Blog 2023 09 27 Be a good gardener of your scripts

Be a good gardener of your scripts

I wanted to share a few words on why you should care about your scripts.

Programming is a science. Programming is art. Programming is a craft. Programming is…

Programming is like gardening

Different people categorize programming differently. Let’s add another category - the idea is not mine! - programming is like gardening.

The code grows organically in different directions and your responsibility as a programmer is to cut back the different sprouts and branches where you feel the need to do so. You have to cut back the different parts so that your code grows in the directions you desire.

If you are a good gardener, you promote the healthy growth of your plants by removing the excess. You make sure that each plant and each branch receive sufficient resources to thrive.

What does this have to do with your scripts?

We often have tedious and boring tasks which are sometimes on their own as a form of preventive gardening. You remove the weed so that the rest can grow healthily. You have to remove old, unused files of blocks of code so that they don’t use our scarce mental resources. Sometimes those boring tasks are parts of another project. You have to prepare the terrain so that it can accommodate new plants. You have to refactor the code so that adding new features becomes an easier task.

Your scripts also deserve the attention

Sometimes you’ll have no other option and you have to do these tasks manually. But sometimes you can write a script that helps you in your tedious, boring tasks.

You could push through migrating a hundred tickets from one tool to another saying that it’ll be a one-off task and automation makes no sense there. If you spend a few hours automating it while it would also take just a few hours to complete the migration, why would you do it?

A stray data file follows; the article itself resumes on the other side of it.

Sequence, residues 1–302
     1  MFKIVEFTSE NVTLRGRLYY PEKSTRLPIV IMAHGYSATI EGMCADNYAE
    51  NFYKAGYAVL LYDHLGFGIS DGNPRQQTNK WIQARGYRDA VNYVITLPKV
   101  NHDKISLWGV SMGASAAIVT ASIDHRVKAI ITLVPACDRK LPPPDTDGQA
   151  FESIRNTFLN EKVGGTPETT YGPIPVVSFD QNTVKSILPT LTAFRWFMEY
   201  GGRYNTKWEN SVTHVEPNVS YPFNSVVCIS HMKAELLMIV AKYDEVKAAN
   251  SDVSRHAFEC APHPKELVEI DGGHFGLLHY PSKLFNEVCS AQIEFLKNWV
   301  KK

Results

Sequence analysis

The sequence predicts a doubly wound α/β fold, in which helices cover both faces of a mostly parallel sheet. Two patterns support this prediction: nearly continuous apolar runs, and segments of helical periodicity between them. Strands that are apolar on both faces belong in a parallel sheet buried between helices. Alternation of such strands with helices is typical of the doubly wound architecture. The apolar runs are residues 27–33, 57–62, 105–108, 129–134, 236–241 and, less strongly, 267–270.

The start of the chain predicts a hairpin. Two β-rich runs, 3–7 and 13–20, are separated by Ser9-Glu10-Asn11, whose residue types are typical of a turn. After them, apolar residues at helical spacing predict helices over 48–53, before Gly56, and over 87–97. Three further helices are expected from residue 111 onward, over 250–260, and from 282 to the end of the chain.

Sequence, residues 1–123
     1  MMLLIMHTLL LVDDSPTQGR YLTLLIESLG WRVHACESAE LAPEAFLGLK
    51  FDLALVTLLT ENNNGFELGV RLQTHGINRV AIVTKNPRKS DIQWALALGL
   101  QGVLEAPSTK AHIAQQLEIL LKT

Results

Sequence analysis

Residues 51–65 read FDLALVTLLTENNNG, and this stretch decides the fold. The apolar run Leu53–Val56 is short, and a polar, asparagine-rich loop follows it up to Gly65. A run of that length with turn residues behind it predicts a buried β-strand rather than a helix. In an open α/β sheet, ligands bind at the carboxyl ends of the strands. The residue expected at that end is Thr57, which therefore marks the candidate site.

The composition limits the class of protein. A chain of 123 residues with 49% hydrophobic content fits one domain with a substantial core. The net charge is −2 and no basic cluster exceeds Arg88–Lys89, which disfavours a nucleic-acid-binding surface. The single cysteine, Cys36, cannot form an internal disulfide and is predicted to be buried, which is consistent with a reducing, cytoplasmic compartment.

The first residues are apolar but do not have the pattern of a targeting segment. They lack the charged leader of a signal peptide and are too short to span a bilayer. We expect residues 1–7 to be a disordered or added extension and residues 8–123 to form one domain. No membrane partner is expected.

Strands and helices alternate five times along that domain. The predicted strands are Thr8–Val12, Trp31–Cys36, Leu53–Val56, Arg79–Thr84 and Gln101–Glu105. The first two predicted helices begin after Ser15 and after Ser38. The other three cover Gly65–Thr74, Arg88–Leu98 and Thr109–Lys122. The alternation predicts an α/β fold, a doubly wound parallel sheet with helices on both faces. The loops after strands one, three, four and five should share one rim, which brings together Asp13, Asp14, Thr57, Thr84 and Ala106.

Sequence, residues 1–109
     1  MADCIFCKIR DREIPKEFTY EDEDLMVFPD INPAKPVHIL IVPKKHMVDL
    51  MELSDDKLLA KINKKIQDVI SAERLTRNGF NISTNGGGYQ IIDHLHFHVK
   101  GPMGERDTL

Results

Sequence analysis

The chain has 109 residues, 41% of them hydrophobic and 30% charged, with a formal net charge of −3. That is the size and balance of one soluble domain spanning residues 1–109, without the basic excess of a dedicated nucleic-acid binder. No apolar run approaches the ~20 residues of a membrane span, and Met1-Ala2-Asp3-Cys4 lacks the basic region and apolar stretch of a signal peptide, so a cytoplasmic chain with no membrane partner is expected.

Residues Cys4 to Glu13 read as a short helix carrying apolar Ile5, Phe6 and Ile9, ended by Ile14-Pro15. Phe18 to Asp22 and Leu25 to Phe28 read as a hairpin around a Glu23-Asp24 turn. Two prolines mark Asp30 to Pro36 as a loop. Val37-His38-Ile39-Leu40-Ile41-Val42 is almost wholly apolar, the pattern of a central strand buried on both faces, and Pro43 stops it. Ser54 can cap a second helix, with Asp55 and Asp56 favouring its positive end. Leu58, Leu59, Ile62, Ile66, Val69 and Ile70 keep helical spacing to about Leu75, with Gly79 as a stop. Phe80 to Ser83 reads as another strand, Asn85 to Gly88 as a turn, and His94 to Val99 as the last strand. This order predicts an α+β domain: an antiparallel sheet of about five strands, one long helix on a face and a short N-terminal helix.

I think automation is more fun.

A programmer move from KnowYourMeme

And I also think that you should handle your scripts as small plants and use a version control system as their soil. Save them, name them well and organize them. Maybe they will grow into something useful, or maybe you’ll have to cut them out later so that they don’t steal precious attention.

Old scripts as a source of future productivity

I don’t advocate for useless automation. At the same time, what seems like a one-off task, will end up being a recurring activity or at least it will reappear in different forms. Let me give you an example.

We had to move from one project management tool to another. From the old one, we could export all our tickets in a csv format. Besides a nice and easy-to-use UI, the new one also has a REST API.

So we could break down the migration into two easy tasks here:

  • read data into a decent format from a csv file we downloaded from the old software
  • call the REST API of the new one to create the tickets

That’s a matter of maybe half a day if you know Python.

But guess what?

Probably 3 years before, I had a task where I had to transform one csv into another format while also manipulating the data following a few rules. That had three parts:

  • read data into a decent format from a csv file
  • manipulate the data
  • write the data to disk in a different format

So the first part of ticket migration was essentially done, I had to update a few column names and of course create a new value class, like this one:

class Ticket:
    def __init__(self, summary, description, epic=None, 
                 status=None, assignee=None, reporter=None, 
                 due_date=None, ticket_type=TicketType.TASK, parent=None) -> None:
        # Summary must be less than 255 characters.
        self.summary = summary
        self.description = description
        self.epic = epic
        self.status = status
        self.assignee = assignee
        self.reporter = reporter
        self.due_date = due_date
        self.ticket_type = ticket_type
        self.parent = parent

But 2 years ago I also faced a problem where I had to create tickets in the same project management tool on a mass level based on some static code analyzer’s (SCA) findings. That had two parts: